Study abroad suspended due to virus

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(Graphic/Dior Brown)

Emma Daniel

News Editor

All Troy University study abroad trips have been suspended until further notice due to the COVID-19 virus, according to Senior Vice Chancellor for Academic Affairs Lance Tatum.

“Over the last 35 to 40 days, we’ve had a lot of discussion about what’s going on in the world related to coronavirus,” Tatum said. “As things have progressed, obviously, the virus has spread to other parts of the word, which has had an impact on how we support study abroad, as well as faculty and staff travel throughout the world.”

The university is watching news and following protocols from the World Health Organization, the Centers for Disease Control and Prevention and the Alabama Department of Public Health (ADPH) to ensure students’ safety.

“This is the most evolving situation I think we’ve had to deal with since the H1N1 virus back in the late 2000s,” Tatum said.

Three trips over spring break have been canceled, currently impacting about 70 to 75 students, faculty and staff, Tatum said.

The university has also urged students to exercise caution with spring break travel plans. Popular places like New York and Florida could possibly present elevated risk for exposure to the virus.

If a student were to travel outside the country, they would have to submit themselves to a 14-day quarantine off-campus, according to an email from the school to all students, faculty and staff.

“The ADPH has made it very clear what the process and protocols are for students who return back to Alabama who have been traveling in those countries that have been designated as community transmission states,” Tatum said. 

Some international students may also be wary of their safety on campus, but Tatum said Troy is doing what it can to make sure “they have a level of comfort in remaining at Troy University.” 

“We have a number of Chinese students who are in communication with their parents back in China, and the discussion is, ‘Is it better to stay or better to go back home?’” Tatum said. “Our advocacy right now is it’s better to stay here.”

There are still students in other countries taking part in long-term study abroad programs. The university is urging them to return home, but their return is not currently mandatory.

“We’re in different stages of getting them back,” Tatum said. “There are some who are getting themselves together and returning to the United States.”

Sarah Gillis, a senior communications major from Montgomery, Alabama, is currently studying in Vichy, France.

“When I received the email from the school telling me to come home, I immediately contacted them and asked if it was mandatory, and they said no, but that it was encouraged,” she said. “If I was in more of a metropolitan area, like Paris, I would strongly consider coming back to the states.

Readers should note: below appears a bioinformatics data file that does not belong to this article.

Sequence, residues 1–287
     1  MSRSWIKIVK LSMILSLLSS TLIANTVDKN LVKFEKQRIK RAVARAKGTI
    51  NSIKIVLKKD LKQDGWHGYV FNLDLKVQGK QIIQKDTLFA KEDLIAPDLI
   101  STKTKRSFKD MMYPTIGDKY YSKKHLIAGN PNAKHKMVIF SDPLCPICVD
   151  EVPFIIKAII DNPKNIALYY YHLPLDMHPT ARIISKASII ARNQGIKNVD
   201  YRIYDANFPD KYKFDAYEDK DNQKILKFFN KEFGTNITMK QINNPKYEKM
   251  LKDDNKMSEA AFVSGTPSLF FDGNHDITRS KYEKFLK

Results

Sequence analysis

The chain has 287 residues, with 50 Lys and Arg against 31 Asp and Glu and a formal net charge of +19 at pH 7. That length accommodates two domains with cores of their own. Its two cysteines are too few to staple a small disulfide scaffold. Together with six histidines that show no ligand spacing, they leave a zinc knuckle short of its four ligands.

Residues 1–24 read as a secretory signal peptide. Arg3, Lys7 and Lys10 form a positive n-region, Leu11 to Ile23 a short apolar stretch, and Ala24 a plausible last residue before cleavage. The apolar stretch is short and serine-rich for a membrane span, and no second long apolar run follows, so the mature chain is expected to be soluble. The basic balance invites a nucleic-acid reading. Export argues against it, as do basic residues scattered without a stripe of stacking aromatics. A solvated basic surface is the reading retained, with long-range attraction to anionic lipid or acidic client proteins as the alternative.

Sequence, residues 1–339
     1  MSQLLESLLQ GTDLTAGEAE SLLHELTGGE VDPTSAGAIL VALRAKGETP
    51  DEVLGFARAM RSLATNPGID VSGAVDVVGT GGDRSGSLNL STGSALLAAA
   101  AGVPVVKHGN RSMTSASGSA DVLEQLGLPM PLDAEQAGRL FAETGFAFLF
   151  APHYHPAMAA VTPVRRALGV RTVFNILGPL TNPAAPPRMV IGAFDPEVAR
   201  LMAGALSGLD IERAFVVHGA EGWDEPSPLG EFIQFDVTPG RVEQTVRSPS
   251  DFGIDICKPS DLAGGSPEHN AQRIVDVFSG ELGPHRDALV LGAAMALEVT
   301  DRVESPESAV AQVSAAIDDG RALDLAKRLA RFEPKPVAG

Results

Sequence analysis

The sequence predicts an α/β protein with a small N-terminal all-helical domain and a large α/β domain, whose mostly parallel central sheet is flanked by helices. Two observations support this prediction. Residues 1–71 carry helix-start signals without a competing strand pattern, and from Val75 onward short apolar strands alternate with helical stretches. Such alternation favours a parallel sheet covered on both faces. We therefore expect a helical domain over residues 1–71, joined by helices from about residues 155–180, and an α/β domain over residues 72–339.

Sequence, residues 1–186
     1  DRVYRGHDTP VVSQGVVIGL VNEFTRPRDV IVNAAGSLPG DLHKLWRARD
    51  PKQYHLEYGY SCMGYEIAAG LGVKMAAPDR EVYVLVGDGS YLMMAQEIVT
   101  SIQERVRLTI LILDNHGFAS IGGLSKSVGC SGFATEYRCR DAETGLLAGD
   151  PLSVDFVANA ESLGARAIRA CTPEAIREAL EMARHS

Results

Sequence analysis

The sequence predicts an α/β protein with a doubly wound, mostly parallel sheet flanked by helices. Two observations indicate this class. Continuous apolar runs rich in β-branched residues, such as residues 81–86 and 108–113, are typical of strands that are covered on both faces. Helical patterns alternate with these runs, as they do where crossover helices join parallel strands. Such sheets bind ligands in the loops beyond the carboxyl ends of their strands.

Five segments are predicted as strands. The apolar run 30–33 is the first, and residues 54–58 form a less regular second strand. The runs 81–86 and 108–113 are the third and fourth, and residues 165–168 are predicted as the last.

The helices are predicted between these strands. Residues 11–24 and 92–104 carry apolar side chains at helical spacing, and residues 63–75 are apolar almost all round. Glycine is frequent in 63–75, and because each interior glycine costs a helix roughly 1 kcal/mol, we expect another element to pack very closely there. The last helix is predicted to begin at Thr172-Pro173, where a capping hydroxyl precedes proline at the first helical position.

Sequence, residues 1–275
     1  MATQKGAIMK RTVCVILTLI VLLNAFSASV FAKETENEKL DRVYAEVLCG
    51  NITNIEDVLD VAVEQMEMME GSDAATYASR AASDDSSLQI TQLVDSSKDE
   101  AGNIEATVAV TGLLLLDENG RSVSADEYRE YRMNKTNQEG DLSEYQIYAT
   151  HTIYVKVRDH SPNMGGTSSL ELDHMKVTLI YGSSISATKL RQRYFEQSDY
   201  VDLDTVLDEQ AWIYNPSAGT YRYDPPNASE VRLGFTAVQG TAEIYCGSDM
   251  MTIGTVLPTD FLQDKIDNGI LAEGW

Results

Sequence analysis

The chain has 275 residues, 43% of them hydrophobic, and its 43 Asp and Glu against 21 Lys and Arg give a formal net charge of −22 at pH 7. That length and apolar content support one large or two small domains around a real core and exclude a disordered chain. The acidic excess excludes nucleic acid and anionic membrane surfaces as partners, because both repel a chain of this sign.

“However, the city I’m in is very small, about the size of Troy, actually. No one comes or goes, so I feel very safe in regard to my health and lack of exposure to the virus.”

She said she is determined to stay in France and continue to study.

“Unless it gets a lot worse, I’m staying here until July like planned, even if they impose travel bans on France,” she said. “I’m hoping that something will be worked out by July, and I’ll be able to go home.”

Gillis said she has been keeping her outings to a minimum, even reconsidering going to church amidst fears of the virus.

“When you think about these trips, the whole purpose of them is to see the world, to explore the cities, which makes these study abroad trips all the more concerning for these students safety and health,” Gillis said.

While Gillis said she felt safe, she said she agreed with the university’s decision to cancel trips to Italy and Greece, where outbreaks have been more serious.

“I truly believe the university has the students’ best interests at heart,” Gillis said. “Now more than ever, I have really felt like the school really cares about me and my health, and that’s really important.”

With studying abroad also comes a significant financial commitment, and last-minute cancellations can mean that some students are out thousands of dollars.

Tatum clarified that some trips are sponsored by the university, while others are hosted by third-party agencies.

He said students who paid for trips through the university (such as the now-canceled trip to Ecuador) will be refunded their payments.

As for those who had to use outside travel sources, situations might be different.

“We’re trying to mitigate any financial exposure a student has,” Tatum said. “The places they were going to take our students are actually coming on the restricted list, and they’re becoming more and more cooperative with getting money back with students or providing them opportunities to travel in the future.”

Tatum said the university is also working to ensure academic progress for those with canceled trips.

“We’ve already made the decision and started working with faculty to make sure those students are not penalized academically,” he said. “We will find a way to make sure that those credits are completed, so it doesn’t stop their progression and it doesn’t hold them out of graduation.”

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